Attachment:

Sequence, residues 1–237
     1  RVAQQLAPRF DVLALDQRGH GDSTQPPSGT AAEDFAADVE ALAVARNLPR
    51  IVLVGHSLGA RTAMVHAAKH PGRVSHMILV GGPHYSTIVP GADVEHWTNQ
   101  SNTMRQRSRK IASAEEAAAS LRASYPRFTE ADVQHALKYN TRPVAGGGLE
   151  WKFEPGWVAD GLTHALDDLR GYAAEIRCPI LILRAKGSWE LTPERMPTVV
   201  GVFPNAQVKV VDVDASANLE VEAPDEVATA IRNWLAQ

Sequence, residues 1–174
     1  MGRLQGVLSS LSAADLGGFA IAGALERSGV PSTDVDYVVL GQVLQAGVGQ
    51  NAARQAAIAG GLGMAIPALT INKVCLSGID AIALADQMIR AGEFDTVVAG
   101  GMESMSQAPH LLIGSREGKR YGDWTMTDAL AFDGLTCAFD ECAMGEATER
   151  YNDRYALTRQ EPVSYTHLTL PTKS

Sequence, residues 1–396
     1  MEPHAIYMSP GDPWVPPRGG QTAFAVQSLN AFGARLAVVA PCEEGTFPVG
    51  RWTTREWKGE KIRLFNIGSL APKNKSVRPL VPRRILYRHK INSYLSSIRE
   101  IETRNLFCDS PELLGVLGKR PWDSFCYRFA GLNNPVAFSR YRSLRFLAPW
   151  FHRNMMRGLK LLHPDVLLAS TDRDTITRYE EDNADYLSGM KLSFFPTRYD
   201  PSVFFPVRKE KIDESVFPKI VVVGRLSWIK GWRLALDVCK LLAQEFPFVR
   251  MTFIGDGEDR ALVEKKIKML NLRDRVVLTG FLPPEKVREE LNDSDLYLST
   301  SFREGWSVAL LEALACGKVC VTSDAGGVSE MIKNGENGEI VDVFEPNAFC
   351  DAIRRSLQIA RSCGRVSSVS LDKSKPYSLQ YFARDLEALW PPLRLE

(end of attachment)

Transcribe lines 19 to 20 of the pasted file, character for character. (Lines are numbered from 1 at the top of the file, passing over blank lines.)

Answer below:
   301  SFREGWSVAL LEALACGKVC VTSDAGGVSE MIKNGENGEI VDVFEPNAFC
   351  DAIRRSLQIA RSCGRVSSVS LDKSKPYSLQ YFARDLEALW PPLRLE